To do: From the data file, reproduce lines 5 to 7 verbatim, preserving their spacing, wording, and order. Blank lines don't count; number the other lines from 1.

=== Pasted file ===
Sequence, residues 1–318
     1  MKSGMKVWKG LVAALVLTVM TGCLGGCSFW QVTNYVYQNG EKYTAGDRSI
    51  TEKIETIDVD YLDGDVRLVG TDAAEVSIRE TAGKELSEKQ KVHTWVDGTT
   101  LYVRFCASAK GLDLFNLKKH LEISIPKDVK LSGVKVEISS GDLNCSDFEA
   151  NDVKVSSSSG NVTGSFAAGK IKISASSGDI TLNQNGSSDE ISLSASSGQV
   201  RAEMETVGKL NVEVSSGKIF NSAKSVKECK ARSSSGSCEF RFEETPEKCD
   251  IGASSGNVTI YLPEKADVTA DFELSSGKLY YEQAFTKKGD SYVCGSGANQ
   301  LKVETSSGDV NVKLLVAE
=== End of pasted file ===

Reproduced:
   151  NDVKVSSSSG NVTGSFAAGK IKISASSGDI TLNQNGSSDE ISLSASSGQV
   201  RAEMETVGKL NVEVSSGKIF NSAKSVKECK ARSSSGSCEF RFEETPEKCD
   251  IGASSGNVTI YLPEKADVTA DFELSSGKLY YEQAFTKKGD SYVCGSGANQ